Guitar and Fiddle

Two unknown / unnamed fellows jam on a guitar and a fiddle. The recess behind the fiddle player has quite a bit going on.  There’s a lantern advertising JAX beer, as well as the letters JAX spelled out in an arch. His hat is resting over his left shoulder. There are several plugs in an outlet over his right shoulder. The placard above all that says “No set in on ??? unless requested.”

The young man on the guitar is playing a chord that I can’t identify. Behind him, the guitar case leans against a jukebox(?). And note the microphone in front of him. The table is beat up, there are beer signs around, and in front of the fiddle player is a bottle of JAX beer. They must be in a bar! I’m taking a stab at this being a bar in Florida.

JAX Beer was made between 1913-1956 in Jacksonville, FL. There are some interesting tidbits about the brewery, including them being the last brewery in the US to stop producing beer during Prohibition, and they are credited as the first brewery to sell beer in a six pack. Not like what we picture, the bottles were packaged in burlap bags. The brewery went the way of the Edsel in the mid-fifties, leaving behind only its building and memories, and this little snapshot.

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Youth Orchestra

This photo came from a huge batch of family photographs we received when my mother-in-law closed up her home. We sat together looking at all these many photos (literally hundreds!) and tried to identify something or someone in each one. The process was important to the identification of the photos, but also such a wonderful time between us. Although she is gone from us now, I treasure the times we sat together. She would reminisce about these photos, her late husband, her family, and growing up in Detroit in the 30’s and 40’s.

This particular photo shows a youth orchestra or band, including an accordion, wood winds, and brass. I am guessing the boys with white straps to the right of frame were the drummers and the straps were designed to hold the drums while they marched or played. The band director must be the portly person on the far right. I enlarged this photo to look at the faces, but realized that the monument behind them has the names of some states on it. I can see a Kansas plaque on the left, between two caps, an Indiana plaque in the center of frame, above the musicians, and in the space next to that, I can just make out 1st and 1941. If anyone recognizes this monument, please comment. I would love to know where it is! Supposedly, my father-in-law is in this picture, but we couldn’t find him.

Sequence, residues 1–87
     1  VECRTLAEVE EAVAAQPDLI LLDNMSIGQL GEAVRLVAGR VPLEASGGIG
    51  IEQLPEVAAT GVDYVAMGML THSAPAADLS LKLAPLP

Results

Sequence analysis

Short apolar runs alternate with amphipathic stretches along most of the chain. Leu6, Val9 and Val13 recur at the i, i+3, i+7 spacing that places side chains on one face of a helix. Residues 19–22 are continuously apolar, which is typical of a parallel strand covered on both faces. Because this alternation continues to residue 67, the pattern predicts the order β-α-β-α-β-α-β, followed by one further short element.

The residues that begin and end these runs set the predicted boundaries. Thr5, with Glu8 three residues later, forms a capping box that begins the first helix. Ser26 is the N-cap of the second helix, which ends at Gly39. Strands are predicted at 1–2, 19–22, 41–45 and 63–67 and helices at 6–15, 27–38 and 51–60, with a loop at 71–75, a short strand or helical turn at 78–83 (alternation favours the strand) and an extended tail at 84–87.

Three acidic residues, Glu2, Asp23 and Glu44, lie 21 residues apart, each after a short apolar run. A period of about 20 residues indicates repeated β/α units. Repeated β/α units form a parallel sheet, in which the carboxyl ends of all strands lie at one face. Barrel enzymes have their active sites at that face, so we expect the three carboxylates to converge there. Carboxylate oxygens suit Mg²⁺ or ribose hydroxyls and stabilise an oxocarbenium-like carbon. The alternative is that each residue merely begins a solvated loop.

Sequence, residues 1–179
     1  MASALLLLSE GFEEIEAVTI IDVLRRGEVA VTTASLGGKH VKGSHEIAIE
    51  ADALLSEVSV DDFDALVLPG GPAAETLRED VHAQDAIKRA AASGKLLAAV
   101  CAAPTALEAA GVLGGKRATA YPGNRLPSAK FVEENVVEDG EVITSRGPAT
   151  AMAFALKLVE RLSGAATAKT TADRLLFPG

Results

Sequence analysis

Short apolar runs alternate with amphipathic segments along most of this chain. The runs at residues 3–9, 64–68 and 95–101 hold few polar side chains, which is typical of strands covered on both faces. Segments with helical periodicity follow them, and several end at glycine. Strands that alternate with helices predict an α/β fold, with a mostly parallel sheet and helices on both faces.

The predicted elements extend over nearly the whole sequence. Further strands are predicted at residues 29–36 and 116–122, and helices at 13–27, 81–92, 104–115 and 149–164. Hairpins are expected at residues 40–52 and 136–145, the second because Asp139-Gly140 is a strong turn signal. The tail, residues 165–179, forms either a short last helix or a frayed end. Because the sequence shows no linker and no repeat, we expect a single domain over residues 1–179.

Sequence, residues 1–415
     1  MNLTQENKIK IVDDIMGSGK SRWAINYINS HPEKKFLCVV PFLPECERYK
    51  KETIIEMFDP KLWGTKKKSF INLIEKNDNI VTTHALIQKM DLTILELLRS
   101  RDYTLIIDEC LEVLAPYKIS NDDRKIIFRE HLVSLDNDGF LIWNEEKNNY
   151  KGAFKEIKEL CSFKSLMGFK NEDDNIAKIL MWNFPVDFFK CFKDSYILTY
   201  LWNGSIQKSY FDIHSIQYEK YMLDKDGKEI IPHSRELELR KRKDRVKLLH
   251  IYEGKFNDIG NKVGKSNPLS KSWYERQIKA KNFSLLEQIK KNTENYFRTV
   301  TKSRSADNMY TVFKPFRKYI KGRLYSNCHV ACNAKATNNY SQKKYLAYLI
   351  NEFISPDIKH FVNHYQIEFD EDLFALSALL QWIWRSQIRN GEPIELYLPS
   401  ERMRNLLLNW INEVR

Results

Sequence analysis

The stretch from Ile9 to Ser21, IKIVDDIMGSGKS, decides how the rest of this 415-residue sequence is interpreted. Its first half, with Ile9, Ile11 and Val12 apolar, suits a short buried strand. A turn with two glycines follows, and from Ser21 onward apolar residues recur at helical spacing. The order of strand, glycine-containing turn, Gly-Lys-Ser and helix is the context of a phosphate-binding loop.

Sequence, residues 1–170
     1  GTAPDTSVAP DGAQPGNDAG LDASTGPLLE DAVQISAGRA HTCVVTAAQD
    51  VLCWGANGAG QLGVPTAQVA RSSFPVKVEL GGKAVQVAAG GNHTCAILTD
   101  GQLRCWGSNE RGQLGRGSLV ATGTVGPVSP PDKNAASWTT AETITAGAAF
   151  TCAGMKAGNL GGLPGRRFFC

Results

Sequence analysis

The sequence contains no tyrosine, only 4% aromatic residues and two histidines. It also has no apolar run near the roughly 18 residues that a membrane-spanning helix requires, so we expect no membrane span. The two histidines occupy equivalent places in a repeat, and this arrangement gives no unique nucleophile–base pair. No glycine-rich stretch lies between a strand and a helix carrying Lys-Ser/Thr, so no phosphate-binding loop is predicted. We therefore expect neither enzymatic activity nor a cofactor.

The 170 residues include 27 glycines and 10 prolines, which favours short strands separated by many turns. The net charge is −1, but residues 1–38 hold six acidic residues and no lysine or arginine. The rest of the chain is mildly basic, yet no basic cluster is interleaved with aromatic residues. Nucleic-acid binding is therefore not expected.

UPDATE: After sharing this on Facebook, my eagle-eyed cousin noticed the palm tree in the top right corner of the picture and pointed out that Detroit doesn’t have many of those. At about the same time, my sister and Intense Guy uncovered the identity of this monument. 

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It is the Monument of States in Kissimee, FL. This interesting monument was conceived by Dr Charles Bressler-Pettis after the attack on Pearl Harbor. He wanted something to signify the unity of the United States, so he wrote to all the governors of the states – which at that time numbered 48 – and asked them to send a rock native to their state. By the time he was finished collecting, Bressler-Pettis had also included a variety of rocks from other countries he and his wife had visited. The monument was raised in 1943 with the dual goals of unity and tourism. Ah, America. It has been expanded over the years to include Alaska and Hawaii, and a variety of other locales with their rocks being embedded into the walkways around the monument.

Thank you, Steve, Auntie Kat and Intense Guy for helping to solve yet another photo mystery!

Further Reading

Monument of States via US National Park Service

Monument of States via Wikipedia

Monument of States via Roadside America

 

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